Another very common problem among shooters is flinching. This is the involuntary movement right before the shooter shoots his or her rifle, and it will throw the round off each time. This is especially common among new shooters who are not comfortable around firearms and they fear the recoil of the gun, and they are more focused on protecting themselves from the recoil then they are of where his or her bullet is going.
This can be helped though, as with most new shooters it is important for them to get comfortable with the firearm. If they are not, then the likelihood of flinching is going to increase and this is going to teach them bad habits.
Instead, you should focus on mastering the fundamentals of shooting, and this can be done on a .22 or some other smaller caliber rifle or pistol. This allows the shooter to focus on the task, and not worrying about the recoil.
If the problem persists, you can also use a dummy round or dry firing to help stop the shooter from flinching when they shoot larger caliber weapons. Make sure that this is done in a safe setting, and also make sure that the rifle is unloaded. All of the weapons safety rules should be followed when using this method.
After you ensure the weapon is unloaded the shooter can focus on proper sight picture, alignment and trigger control, and not have to worry about the recoil, and they can pull the trigger. Another method is the ball and dummy technique. You can have the shooter look away and then you can put an empty round or a live round into the chamber and allow the shooter to pull the trigger. They will not know whether a live or dummy round is in the chamber, so you can monitor to see if they flinch or not. This will help them to overcome their fear and not anticipate the recoil.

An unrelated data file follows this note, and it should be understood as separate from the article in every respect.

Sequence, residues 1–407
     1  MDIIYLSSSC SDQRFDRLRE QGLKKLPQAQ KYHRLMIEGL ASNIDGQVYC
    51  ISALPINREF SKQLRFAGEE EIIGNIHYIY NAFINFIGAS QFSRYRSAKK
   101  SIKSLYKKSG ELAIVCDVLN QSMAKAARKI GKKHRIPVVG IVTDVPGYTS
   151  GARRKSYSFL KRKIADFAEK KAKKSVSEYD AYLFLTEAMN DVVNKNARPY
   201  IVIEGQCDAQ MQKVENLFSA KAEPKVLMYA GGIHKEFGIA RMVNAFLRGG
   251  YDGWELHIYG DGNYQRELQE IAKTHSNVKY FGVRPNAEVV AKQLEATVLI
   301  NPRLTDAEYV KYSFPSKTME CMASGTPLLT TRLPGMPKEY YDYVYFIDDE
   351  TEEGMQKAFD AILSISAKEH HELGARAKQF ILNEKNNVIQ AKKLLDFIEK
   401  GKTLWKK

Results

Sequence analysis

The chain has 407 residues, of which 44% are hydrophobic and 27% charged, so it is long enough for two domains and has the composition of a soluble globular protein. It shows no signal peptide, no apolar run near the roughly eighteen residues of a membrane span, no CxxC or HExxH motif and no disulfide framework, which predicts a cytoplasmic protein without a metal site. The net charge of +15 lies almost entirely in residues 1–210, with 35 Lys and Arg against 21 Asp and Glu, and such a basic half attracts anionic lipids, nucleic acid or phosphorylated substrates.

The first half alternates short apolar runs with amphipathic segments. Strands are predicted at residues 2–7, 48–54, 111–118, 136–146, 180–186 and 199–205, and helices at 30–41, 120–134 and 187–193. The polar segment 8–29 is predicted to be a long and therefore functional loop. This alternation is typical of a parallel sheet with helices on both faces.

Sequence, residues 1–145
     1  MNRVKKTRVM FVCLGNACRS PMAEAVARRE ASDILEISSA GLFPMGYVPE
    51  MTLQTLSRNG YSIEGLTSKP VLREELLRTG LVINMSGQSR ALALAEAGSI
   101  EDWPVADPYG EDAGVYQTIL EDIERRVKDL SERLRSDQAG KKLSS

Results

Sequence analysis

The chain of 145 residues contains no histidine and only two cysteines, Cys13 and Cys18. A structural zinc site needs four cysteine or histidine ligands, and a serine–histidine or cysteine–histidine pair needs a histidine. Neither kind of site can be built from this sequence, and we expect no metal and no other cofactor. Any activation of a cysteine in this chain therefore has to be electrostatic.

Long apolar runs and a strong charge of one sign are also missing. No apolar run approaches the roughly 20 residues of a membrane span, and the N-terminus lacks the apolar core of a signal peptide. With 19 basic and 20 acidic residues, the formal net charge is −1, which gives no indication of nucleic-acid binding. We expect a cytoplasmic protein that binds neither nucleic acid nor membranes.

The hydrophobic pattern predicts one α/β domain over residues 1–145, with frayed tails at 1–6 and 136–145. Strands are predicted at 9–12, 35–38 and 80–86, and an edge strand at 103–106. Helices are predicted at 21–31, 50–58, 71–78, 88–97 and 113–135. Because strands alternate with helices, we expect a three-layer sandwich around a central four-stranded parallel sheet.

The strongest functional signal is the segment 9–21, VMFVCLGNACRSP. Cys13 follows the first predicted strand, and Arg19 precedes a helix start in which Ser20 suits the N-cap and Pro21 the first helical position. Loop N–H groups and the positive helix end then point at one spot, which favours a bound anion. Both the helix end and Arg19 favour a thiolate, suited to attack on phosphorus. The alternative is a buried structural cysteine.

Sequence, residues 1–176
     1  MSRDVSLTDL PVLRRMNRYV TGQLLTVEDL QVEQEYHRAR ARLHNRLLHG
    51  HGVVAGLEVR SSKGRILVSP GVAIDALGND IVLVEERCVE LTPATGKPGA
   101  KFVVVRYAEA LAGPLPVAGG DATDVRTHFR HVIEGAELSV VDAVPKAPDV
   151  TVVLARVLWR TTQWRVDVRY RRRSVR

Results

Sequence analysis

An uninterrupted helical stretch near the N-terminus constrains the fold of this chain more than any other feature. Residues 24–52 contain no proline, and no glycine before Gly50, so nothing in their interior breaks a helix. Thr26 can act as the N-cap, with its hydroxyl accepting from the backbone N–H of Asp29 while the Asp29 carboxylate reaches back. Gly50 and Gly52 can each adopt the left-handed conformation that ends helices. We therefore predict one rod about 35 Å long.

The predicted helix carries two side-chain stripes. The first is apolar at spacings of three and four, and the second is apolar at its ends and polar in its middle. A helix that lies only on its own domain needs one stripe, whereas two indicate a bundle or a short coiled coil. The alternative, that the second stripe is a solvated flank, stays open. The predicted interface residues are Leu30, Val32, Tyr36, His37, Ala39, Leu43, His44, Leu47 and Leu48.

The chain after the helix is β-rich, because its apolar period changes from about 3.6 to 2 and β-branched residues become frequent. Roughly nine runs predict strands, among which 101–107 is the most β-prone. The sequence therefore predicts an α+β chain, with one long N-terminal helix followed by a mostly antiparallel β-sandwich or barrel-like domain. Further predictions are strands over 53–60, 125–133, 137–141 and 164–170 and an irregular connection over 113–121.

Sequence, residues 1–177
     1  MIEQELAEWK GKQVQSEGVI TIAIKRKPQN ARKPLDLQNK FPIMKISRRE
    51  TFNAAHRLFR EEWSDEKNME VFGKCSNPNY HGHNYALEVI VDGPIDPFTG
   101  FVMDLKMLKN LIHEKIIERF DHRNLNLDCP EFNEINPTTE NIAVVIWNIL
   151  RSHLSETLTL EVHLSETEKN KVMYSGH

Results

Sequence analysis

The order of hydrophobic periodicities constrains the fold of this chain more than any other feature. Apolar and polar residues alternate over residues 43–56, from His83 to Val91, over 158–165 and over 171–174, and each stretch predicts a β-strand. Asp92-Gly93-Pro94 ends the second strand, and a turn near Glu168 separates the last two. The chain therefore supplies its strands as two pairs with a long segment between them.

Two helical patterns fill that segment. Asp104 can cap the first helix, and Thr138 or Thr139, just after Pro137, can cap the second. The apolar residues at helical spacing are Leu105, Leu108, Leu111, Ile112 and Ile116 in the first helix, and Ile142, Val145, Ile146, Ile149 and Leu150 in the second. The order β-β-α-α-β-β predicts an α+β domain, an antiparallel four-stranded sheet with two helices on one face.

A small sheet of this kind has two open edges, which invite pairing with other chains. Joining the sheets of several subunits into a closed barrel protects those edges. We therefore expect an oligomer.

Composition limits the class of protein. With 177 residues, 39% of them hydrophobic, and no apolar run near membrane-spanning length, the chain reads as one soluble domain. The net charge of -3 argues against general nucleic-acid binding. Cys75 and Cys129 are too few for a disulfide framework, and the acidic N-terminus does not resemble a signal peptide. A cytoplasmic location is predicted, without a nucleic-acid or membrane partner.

One last note about flinching, if you know that the recoil is too much for a new shooter, please don’t have them shoot the gun. It is important that we bring as many people into shooting sports and having a poor range experience that ends in a sore shoulder is one way to turn a shooter from this sport. So make sure that the weapon matches the shooter, and start all new shooters with a smaller caliber.
Just like in baseball a good follow through is also important for shooting. Often times shooters like to shoot and immediately check the target to see where they hit. This does not allow them the time to have a good follow through and it can throw the shot off or the follow-up shot off completely.
One way to fix this is to make sure you wait for the click, that sets the trigger back in place. So after you pull the trigger, make sure that you maintain the pressure on the trigger. While you keep your pistol aimed at your target you slowly let the trigger off. You will hear an audible click, and the trigger will go back into place and allowing the trigger to set and you can pull it again.